Majida Rashid

An image of sunshine and laughing with friends comes to my mind when I think of coffee. Time stops for me when I'm actually sipping the hot brew with or without friends.

My initial meeting with this wonderful beverage is unforgettable. I was standing in the dining hall of the YWCA in Nairobi, Kenya, and looking, for the first time, at the Christmas dinner spread over a crisp white tablecloth that covered a long teak table. The huge glass windowpanes, opposite the table, revealed beautiful African yellow irises that bordered the manicured lawn. My love of irises intermingled with the wonderful strong nutty aroma of something, which I later learned was brewed coffee, and sank in my memory forever.

When I left Pakistan we only had Nescafe's instant coffee. It was made at home and on special occasions because Pakistan is a tea-drinking country, a habit instilled by the British occupiers of the subcontinent India. I stayed away from Pakistani coffee because it was too sweet, though I loved the froth on the top.

At the YWCA I took the food and then poured my first ever brewed coffee from a stainless-steel pot. A laminated sign next to the pot read, "Never boil coffee.

"What should I do if the coffee gets cold," I asked the Kenyan chef who was standing by the table.

"Either make fresh or keep it warm, away from the flame," the chef said.

It's believed that Keffa, in the southeast region of Ethiopia, Kenya's neighboring country, is where a shepherd named Kaldi noticed that his sheep became playful after eating red berries of a certain bush. He started chewing the beans and felt elated.

The word spread fast and Sufi dervishes of Yemen used the berries to stay awake during their nightly meditations. Sufism is a spiritual aspect of Islam. The roasting and brewing of coffee started around 1000 A.D. By the 13th century, Muslims were consuming it fervently.

In order to have a monopoly over coffee, the growers zealously guarded the plants and treated them in a way so they wouldn't bear fruit outside the region. Smart traders!

Not very far from the Keffa region is the Great Rift Valley, which scientists believe is the place where humans evolved. Coffee, like humans, also found its way out.

According to one count, the Dutch smuggled the plants to the island of Java, Indonesia. Then in the early 18th century they presented the French King Louis XIV with a coffee plant. Cuttings and seeds of this plant were taken to French colonies such as the islands of Réunion and Martinique.

The Ottomans took the drink to the rest of Europe. The Catholic Church wanted it banned when it was first introduced in Venice, Italy. But the pope, who had tasted coffee elsewhere, declared it a Christian drink.

From Europe coffee was taken to South America and neighboring countries and eventually back to Africa.

Like coffee, I also returned to Africa and met an Ethiopian lady who invited me to her house. The coffee she made surpassed all coffees I had prior or after that. She put a thick black cast iron skillet on a gas burner. Then she washed green beans that she had brought from Ethiopia and roasted them on the skillet over low heat, stirring continuously, until they turned dark brown. The place was filled with aroma that cannot be captured in words. When the beans cooled down she ground them very fine. Next she put the grounds and water into a special Ethiopian clay pot called Jabena and placed it on a low flame. When the foam appeared on the sides, she stirred it gently. The coffee was ready after a few boils.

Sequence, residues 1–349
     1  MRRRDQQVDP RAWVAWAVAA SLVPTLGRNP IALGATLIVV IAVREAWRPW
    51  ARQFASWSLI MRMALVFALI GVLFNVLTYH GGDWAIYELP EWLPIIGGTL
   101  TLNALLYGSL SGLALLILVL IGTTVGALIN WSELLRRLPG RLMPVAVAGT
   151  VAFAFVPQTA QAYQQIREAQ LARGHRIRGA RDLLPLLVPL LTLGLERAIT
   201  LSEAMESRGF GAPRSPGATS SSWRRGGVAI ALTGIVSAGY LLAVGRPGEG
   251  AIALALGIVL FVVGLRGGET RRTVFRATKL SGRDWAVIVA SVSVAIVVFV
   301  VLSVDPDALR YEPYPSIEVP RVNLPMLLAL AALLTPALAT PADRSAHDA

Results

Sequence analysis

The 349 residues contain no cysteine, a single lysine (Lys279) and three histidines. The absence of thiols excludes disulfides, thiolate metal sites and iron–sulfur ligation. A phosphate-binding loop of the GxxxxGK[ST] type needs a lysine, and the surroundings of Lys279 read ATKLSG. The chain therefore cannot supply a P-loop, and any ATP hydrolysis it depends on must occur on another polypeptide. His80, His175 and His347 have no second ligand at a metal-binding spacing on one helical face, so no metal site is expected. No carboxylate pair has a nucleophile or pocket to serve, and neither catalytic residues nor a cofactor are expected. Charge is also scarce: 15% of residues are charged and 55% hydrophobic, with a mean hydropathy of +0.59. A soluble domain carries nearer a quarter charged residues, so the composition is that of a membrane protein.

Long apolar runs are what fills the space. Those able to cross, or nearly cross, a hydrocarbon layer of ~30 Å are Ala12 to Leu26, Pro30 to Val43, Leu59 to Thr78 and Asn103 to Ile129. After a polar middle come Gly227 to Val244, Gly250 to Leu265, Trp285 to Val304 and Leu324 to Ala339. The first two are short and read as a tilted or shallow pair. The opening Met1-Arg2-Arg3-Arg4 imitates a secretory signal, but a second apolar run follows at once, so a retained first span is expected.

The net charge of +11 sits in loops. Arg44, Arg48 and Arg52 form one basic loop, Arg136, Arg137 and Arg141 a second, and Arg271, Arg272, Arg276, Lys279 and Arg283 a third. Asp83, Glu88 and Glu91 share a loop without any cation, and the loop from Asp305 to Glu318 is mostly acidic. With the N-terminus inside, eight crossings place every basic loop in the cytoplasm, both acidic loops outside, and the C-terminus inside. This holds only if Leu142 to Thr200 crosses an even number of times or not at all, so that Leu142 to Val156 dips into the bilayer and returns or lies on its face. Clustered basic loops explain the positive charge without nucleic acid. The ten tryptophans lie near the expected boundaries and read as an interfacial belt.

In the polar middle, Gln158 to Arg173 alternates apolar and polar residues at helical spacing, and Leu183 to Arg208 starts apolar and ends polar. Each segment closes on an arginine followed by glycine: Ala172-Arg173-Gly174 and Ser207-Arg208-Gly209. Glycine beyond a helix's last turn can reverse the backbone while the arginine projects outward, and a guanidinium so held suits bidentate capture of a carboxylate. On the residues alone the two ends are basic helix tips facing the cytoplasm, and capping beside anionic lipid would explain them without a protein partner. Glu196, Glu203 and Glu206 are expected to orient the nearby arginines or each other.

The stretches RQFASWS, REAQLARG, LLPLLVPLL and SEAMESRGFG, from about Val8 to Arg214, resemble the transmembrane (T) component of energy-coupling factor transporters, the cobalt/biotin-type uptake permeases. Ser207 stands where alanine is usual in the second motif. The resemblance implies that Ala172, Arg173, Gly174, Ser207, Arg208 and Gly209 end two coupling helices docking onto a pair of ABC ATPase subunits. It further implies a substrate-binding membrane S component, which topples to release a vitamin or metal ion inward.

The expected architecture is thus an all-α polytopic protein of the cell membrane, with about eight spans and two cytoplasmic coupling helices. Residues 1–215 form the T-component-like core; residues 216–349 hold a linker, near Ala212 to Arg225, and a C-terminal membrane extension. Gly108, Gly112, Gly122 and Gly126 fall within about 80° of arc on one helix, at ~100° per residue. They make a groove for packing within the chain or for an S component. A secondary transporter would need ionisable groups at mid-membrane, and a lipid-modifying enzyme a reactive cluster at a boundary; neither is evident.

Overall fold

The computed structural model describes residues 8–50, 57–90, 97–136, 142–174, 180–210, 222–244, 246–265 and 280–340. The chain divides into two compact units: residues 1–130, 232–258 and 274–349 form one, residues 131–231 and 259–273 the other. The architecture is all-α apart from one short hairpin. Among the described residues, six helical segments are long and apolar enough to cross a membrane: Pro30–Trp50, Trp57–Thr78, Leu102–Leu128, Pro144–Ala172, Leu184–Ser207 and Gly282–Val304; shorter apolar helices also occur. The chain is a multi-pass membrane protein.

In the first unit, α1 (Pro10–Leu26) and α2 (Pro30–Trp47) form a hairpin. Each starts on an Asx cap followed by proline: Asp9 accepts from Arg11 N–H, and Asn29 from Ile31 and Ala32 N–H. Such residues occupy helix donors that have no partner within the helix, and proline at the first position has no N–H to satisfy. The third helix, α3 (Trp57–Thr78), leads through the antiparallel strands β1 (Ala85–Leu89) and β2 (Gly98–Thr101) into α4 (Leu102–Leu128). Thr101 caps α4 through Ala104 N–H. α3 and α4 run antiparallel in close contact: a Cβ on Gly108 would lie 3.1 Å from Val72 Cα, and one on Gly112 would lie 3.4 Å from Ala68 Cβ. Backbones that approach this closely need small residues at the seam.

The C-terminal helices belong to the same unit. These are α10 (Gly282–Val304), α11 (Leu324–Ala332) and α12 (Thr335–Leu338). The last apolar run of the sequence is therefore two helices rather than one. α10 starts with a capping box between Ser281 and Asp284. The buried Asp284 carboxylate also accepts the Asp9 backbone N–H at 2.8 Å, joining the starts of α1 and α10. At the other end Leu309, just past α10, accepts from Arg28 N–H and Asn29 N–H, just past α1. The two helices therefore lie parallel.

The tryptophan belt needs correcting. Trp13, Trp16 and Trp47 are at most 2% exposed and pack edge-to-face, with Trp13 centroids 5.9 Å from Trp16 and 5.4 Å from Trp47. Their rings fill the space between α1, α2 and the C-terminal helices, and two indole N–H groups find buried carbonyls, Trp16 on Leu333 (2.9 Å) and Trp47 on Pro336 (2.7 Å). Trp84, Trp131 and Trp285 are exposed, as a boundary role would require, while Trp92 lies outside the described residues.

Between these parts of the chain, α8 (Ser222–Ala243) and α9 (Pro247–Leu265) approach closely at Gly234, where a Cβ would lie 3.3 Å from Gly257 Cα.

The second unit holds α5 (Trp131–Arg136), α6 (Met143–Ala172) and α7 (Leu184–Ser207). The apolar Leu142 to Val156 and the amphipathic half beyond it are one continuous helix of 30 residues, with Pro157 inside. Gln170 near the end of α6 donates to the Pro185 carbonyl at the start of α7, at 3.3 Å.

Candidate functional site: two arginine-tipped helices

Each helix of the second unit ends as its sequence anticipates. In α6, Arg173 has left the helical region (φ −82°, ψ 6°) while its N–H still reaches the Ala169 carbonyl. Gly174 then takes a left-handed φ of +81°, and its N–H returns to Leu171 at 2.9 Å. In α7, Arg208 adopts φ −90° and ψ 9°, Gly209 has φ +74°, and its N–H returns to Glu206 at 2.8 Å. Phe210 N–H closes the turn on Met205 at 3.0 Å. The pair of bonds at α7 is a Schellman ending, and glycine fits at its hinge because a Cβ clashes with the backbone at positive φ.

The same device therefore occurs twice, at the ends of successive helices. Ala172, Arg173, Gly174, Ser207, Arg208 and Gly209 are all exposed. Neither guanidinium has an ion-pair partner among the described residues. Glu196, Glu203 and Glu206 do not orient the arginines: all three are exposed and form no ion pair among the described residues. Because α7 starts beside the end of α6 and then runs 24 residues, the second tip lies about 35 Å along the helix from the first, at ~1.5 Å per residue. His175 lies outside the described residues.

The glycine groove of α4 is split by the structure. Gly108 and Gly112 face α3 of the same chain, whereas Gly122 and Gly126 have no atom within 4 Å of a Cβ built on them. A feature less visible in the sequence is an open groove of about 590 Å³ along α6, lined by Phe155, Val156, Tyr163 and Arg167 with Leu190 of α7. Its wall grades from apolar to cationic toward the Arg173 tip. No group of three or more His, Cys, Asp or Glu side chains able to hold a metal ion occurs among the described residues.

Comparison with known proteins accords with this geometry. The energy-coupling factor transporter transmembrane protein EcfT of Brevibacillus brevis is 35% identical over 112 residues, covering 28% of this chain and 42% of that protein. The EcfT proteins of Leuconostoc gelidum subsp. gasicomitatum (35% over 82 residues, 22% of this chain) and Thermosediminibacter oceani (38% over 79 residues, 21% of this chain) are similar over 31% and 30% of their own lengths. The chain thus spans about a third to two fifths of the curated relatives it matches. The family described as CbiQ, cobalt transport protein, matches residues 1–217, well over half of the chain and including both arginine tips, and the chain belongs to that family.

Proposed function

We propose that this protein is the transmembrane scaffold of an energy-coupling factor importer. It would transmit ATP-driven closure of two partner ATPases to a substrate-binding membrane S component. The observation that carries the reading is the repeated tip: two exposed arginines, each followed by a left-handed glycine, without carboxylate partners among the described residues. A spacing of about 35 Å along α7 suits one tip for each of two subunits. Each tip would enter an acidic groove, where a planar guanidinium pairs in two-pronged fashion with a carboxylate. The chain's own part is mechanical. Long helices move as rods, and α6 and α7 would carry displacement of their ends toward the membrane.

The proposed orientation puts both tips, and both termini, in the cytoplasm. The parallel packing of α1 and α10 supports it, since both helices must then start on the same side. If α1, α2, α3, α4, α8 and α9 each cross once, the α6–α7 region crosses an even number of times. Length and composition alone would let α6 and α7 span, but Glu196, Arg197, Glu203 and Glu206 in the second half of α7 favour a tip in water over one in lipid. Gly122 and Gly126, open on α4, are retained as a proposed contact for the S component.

It was served in thimble-like cups called Ciene accompanied by sugar and popcorn. She said, "Ethiopians use milk, salt and even butter with their coffee." I didn't need any milk that day.

While Ethiopia still has thousands of varieties of coffee and the plants are named after the region they grow in, the rest of the world has about thirty varieties. Of those Arabica and Robusta are the most popular with commercial coffee houses.

Actual coffee beans are green and void of flavor and fragrance. Great care is taken in roasting them because in addition to bringing out their aroma and zest, it also unfolds the altitude coffee was grown at, weather and the amount of water used for irrigation. The cooling process is the second biggest influencer. Too little or too much and the coffee would smell old and taste acidic, as I call it. To me this flavor is found in big tins of ground coffee that is served in big businesses.

The amount of contact time the boiling water has with the grounds also affects the flavor. Even the freshly brewed coffee from machines that utilize small ready-to-use pre-filled cups have a stale aroma and acidic flavor because the water juts in from the top and the coffee pours out of the machine in an instant.

Pakistani Coffee


2-3 teaspoons each of sugar and instant coffee

1 cup each of water and milk, boiled together


Place the dry ingredients in a cup and pour in a few drops of the boiling liquid and stir with a metal spoon or a tiny whisk. Keep adding the liquid, drop by drop, until the dry ingredients are moist enough for beating. Whisk until the coffee turns pale. Divide the coffee into two cups. Reheat the liquid and gently pour into cups stirring continuously.

2 Servings.


Majida Rashid's blog can be found at https://

Published: Mon, Mar 16, 2020